branches, I'd go for it. Also, must crop out what looks like a
bird's head on the bottom frame edge. Blue-sky silhouette a
good try, but no great impact. Lastly, best to catch the
flapping action with the wings both fully extended overhead and
to the rear. Well, a not-to-good one heat leaves me feeling as
if I am earning my $$.
Do not like this one either for many
reasons. First off, it seems that you will not crop out the
crap digitally--i.e., the white schmutz on the rocks. Am I
correct here? Do not like:
1-the rather high light angle, not unduly
harsh, but high...
2-The right-hand bird's shut eye.
3-The preening bird's shaded head and face,
as well as the fact that you cannot see its eye.
4-The bits of white schmutz on the rocks.
I do like the juxtaposition of the bird in
the back left with the preening bird, though it would have been
a stronger image if the back bird had its head turned so that it
was looking out of the frame.
f/22 and be there! Very well done. I love the way the two
breaking waves (or are they rock shadows?) in the distance frame
the birds' heads just about perfectly. A simple crop off the
right side would make this a winner by eliminating the little
rock on top of the rock on the lower right frame-edge. Great
use of DOF.
Great subject, great light. Background OK...
Could have moved left or right for possibly cleaner or darker
background. Great choice of subject with killer red bill.
Biggest avoidable problem, bird's head and bill angled away from
the film plane. I do remember having said many times, for the
best preening images, the bird's head needs to be parallel to
the film plane and the eye needs to be visible... (see the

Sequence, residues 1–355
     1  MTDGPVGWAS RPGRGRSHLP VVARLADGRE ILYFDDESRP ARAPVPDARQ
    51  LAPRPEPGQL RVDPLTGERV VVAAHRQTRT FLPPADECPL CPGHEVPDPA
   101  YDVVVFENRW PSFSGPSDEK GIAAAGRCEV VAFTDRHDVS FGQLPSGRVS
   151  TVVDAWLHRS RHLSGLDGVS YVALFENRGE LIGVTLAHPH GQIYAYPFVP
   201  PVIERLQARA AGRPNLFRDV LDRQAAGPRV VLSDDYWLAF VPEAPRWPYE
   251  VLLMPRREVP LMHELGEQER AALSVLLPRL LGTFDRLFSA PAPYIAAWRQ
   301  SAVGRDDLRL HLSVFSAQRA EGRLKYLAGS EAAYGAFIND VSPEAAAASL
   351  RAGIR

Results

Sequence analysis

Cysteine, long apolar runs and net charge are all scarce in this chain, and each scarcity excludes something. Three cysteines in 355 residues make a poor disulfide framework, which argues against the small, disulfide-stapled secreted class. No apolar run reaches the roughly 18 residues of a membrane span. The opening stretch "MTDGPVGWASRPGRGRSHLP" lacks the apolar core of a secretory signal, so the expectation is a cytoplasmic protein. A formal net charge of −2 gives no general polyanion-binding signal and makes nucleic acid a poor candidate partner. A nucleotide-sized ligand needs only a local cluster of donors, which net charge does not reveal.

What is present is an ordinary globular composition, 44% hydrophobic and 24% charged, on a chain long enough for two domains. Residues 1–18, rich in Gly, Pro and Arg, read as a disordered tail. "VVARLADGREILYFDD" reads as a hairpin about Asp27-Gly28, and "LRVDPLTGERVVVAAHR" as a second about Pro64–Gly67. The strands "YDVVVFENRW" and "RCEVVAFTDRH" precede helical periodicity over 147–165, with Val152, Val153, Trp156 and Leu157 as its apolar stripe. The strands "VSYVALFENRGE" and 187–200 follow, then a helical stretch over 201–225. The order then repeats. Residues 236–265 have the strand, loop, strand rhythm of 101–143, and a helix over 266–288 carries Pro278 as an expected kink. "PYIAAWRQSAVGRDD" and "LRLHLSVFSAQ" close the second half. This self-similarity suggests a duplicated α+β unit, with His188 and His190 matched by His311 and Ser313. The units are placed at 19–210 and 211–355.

Western Gull Family for that one...)
Very nicely done. I remember that bird, old
carpet neck... This one is just about perfect. I love the
perfect and creative job of framing this one. Only nit, bird
seems to have its eye shut a teench as they often do when
preening. You did, however, follow the preening guidelines set
forth above--they really do help you to produce stronger
Chuck's critique of my critique:
Artie, You get an "A+", 10/10, or maybe better. Thanks for the
I think your IPT promoted me from the class of "cropped tails" and
"centered subjects". It also helped me to get the technicals
correct (sharpness, exposure, background and foreground
considerations, basic composition). Your post-IPT critique has
pointed out more subtle flaws in my images, subtle, because I
could not see them. You pointed out some things I just didn't see
at all, but they were right there in front of me. Sometimes,
composition is still an issue and I may still need help in the
future. I think a remote critique of images made months after an
IPT is a terrific idea. It serves as "continuous process of
improvement". Funny how we need to be reminded of some standard
rules: "head parallel to film plane", etc.. The final phases of
this process must deal with "getting the magic and feeling" into
the shots. That appears as a large stepping stone off in the
horizon. I was in a slump, but now I have some new goals to
consider. The critique was worth a lot more than the money spent,
and turn around time was fantastic.
"If you aren't pushing the envelope, you aren't learning
anything." - Chuck Loftis